Pier Paolo Pasolini (1922-75)—poet, filmmaker and a prolific journalist with stinging opinions—was a celebrity in Italy and beyond, thanks to an acerbic pen and films that included Mamma Roma (1962) and The Gospel According to St. Matthew (1964). After he was murdered in Ostia near Rome in 1975, a court found that the killing was not for anything he wrote or produced, and convicted a youth from the rough trade where Pasolini sought sex.
Pasolini painted intermittently and said art was one inspiration for his films. In a photograph on the book’s cover, he poses with a carnation stem clenched between his teeth as he stands in front of his self-portrait—same pose, same flower. It’s a study in self-assurance.
Heretical Aesthetics: Pasolini on Painting is an eclectic and fragmentary mix of his writings: spirited, polemical, personal and contrarian, often mordant. (The branding of Pasolini as a heretic predates this volume with the 1988 collection of his essays on film and literature, Heretical Empiricism.)
Studying in Bologna with the art historian Roberto Longhi (1890-1970), a champion of Piero della Francesca, Caravaggio and Cézanne, Pasolini was too shy at first to approach Longhi and never completed his degree. He recalled his teacher’s critical rigour: “Back then, in the wartime winter of Bologna, he was simply the Revelation,” Pasolini wrote. “He always limited himself strictly to the internal logic of forms. The stakes were thus always high. Hence his caution, and his irony.”
An “excess of truth”
Longhi introduced Pasolini to the light of Caravaggio’s “separate universe”, the former pupil wrote in 1974, “a process brilliantly accounted for by Longhi’s hypothesis that Caravaggio painted while looking at his figures reflected in a mirror”. Pasolini continues: “Such were the figures that he [Caravaggio] had chosen according to a certain realism: neglected errand boys at the greengrocers, common women entirely overlooked, etc … everything in the mirror appears suspended, as if by an excess of truth, of the empirical. Everything appears dead.”
The same could be said of Pasolini’s Mamma Roma, a family tragedy set in the slums of Rome. Pasolini bristled when critics saw Andrea Mantegna’s Dead Christ (around 1480) in a teenager’s corpse in the film’s final scene, declaring: “Mantegna had nothing to do with it. Nothing! At All!” He invoked his teacher: “Dear Longhi, please say something. Explain how foreshortening a body and placing the soles of its feet toward the camera doesn’t suffice to speak of Mantegna’s influence. Are they blind?”
Pasolini never warmed to abstract painting, echoing Palmiro Togliatti, leader of the Italian Communist Party (PCI), who also scorned the paintings of Giorgio Morandi—“full bottles, empty bottles and ghosts of bottles”. Yet Pasolini admired Morandi, and uttered political heresy in his poem Picasso (1953), questioning Picasso’s kitsch 1950 work Dove in Flight, which the PCI reproduced with a hammer and sickle on its membership cards. Communists were proprietary about Picasso, then a dutiful party member. In 1953 Rome was the site of the largest Picasso exhibition mounted to date. Pasolini wasn’t charmed: “He comes out / among the people, and gives in a time that does not exist: / feigned through the tools of his own old / fantasy. Ah, this merciless Peace / of his, this idyll of white orangutans, is absent from the people’s sentiment.”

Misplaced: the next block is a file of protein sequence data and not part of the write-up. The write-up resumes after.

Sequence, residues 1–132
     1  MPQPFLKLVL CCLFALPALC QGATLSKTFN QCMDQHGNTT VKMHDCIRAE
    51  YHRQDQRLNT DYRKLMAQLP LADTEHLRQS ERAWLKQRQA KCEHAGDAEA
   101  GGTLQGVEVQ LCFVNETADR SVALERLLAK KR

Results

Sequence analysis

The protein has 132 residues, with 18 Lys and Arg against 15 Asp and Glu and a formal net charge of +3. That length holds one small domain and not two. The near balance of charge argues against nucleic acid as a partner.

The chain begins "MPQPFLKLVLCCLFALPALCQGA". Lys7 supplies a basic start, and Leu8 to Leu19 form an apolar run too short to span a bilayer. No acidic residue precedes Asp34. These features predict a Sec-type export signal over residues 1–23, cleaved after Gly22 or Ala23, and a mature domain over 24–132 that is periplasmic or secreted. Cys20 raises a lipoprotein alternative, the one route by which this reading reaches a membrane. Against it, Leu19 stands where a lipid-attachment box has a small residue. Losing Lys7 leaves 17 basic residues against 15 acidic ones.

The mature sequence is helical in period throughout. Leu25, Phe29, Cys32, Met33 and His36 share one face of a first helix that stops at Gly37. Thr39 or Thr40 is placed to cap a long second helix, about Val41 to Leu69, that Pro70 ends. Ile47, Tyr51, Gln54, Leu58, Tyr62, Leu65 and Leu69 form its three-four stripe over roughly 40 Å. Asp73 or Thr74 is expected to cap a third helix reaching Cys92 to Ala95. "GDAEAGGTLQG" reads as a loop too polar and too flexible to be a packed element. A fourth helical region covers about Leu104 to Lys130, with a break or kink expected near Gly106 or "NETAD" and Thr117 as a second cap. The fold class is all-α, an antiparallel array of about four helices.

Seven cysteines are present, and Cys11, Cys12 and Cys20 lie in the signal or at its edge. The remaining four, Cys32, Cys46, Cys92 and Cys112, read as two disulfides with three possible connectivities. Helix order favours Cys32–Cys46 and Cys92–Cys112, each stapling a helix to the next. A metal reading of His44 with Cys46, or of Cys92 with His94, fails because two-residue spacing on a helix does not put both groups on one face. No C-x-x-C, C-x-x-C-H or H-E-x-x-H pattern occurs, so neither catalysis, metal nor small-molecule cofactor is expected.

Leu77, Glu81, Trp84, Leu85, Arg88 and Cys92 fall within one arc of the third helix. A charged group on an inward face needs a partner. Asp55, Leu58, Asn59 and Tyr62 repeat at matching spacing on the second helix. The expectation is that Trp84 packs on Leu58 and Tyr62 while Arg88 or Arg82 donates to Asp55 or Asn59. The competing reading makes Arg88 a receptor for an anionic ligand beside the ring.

The art historian T.J. Clark writes in the preface to Heretical Aesthetics: “Pasolini’s Marxism proved, in his lifetime, hardly more popular on the left than on the right. Processions of Marxist mediocrities reassured the faithful that the filmmaker was a bad Marxist. They still do. As if badness had not always been the point.”
More to Pasolini’s political taste, say the book’s editors Ara H. Merjian and Alessandro Giammei, were regional “dialectal” cultures, rooted in the local speech (stigmatised by “proper” Italians as “dialect”) in rural Friuli, where he grew up, or in the slums of Rome, where obscene local talk required translation for many Italians. Pasolini was drawn to Friulian painters, notably Giuseppe Zigaina (1924-2015), who was an adviser to Pasolini on his film Teorema (1968), a satirical allegory concerning a rich family falling apart, whose depressed teenaged son throws paint on surfaces, like Jackson Pollock.
Jargon-heavy but full of context, the collection ends with Pasolini’s thoughts on Andy Warhol from 1975. Italy was suffering from an encroaching sameness, fed by consumerism and commercial television, Pasolini thought, yet the United States seemed to be leading the way, with artists like Warhol exploiting that trend. In the catalogue for Italy’s first major Warhol exhibition, Pasolini observed: “I have before me Warhol’s silkscreen prints and several paintings. The impression they give is that of a fresco depicting various isocephalic figures, all of them, of course, posed frontally. The figures are iterated to the point of losing their individual identities and becoming, like twins, recognizable only by virtue of their clothing’s color.” It was one of the last things Pasolini wrote.
Alessandro Giammei and Ara H. Merjian (eds), with preface by T.J. Clark, Heretical Aesthetics: Pasolini on Painting, Verso Books, 224pp, $24.95/£16.99 (pb), published 1 August
• David D’Arcy is a correspondent for The Art Newspaper in New York